As global grain markets experience sustained disruptions, protecting the quality of raw ingredient investments is essential. Selko, the feed additive brand of Trouw Nutrition, Nutreco's livestock feed business, recently presented a webinar, “Optimize your grain investment: How to safeguard the economics and quality of grains.” Following are 10 questions addressed by moderator Pieter Steyn, Selko’s global programme manager raw material quality during the webinar.
How are macroeconomic factors affecting grain market prices and quality?
Both grain prices and quality levels are under pressure. As Russia and Ukraine generate about 30% of the world’s traded wheat crop, it is unclear how much the geo-political conflict will affect production and grain prices. Other aspects of processing grains for animal feed, such as grain drying, also may be affected by rising energy prices.
How is volatility influencing grain crops around the globe?
Australia and India have expanded wheat crops and the U.S. plans for a larger corn crop. However, an ongoing drought in Brazil and Argentina is expected to lower yields. Global corn production is anticipated to be predominantly from the U.S. and Brazil. Ukraine’s harvest is expected to be down by at least 50%. Wheat producing regions outside of Ukraine and Russia are expanding production. During this period of uncertainty, the feed production sector should anticipate the potential for lower quality grain supplies and consider interventions to help safeguard grain quality.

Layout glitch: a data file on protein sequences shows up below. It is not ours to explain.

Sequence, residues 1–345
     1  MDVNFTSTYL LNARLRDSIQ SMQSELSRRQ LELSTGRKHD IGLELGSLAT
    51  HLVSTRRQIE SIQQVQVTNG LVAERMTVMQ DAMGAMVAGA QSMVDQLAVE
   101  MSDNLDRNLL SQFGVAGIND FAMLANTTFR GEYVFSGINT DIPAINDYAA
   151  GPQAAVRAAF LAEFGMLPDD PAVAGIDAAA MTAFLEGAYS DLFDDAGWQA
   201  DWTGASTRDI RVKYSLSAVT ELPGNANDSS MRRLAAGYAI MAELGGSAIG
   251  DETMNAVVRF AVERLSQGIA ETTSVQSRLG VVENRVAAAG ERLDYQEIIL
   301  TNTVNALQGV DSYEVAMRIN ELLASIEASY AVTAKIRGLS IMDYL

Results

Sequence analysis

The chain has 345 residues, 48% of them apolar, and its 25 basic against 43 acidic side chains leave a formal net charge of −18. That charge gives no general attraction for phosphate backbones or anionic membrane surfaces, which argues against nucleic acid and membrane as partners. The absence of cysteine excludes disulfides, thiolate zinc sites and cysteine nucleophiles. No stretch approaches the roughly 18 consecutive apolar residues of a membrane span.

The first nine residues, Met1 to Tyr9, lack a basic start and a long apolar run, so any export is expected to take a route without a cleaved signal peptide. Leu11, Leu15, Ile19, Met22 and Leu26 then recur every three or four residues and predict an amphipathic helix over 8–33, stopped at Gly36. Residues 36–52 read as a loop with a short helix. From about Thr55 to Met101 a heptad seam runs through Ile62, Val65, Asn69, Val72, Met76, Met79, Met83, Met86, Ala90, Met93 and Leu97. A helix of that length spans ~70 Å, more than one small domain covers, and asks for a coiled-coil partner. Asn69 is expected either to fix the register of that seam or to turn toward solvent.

Considering grain safety, how prevalent are moulds?
About 80% of agricultural commodities are infected with mycotoxins and the adverse effects of mycotoxins can make some grain unusable in feed. Looking just at the reductions in stored grain, losses during storage as well as mycotoxin contamination can be more than 30%.
Moulds and the mycotoxins they generate are an ongoing concern and can threaten grains in the field, during transport or in storage. Damaged kernels or broken grains can host moulds while oxygen levels, temperature, relative humidity, pH, and water activity can all increase mould growth rate.
What are some interesting approaches to mitigate mycotoxins?
Managing water activity is an area of increasing focus for defending against moulds in grains. For several years, the pet food industry has evaluated how even low water activity levels can affect mould growth. From a nutritional perspective, managing moulds is critical to protecting the integrity of the animal’s diet. Mould growth results in a noticeable difference in the nutritional quality of corn including a drop in metabolic energy, crude protein and fat content. (Figure 1)
Figure 1 – Mould growth robs stored grains of nutritional quality, reducing nutrition available to livestock.
Where should mould prevention areas focus?
Mould prevention efforts should start in the field and continue through transport, storage and production. In the field, weather, drought, harvest rains, pests and mould growth can harm quality. Scoring systems created by the USDA are a helpful tool for evaluating quality factors including grade, moisture, nutritional profile, physical quality and mycotoxin presence. Scoring systems are available for corn and other grains and oilseeds. In storage, temperature shifts can allow condensation build-up and conditions for moisture to pool on stored grain. Grains and oilseeds can be contaminated with mycotoxins during transport or at the feed mill where moulds are typically present in screw conveyors, ingredient bins, elevator legs, pellet mill coolers, feed bins and trucks.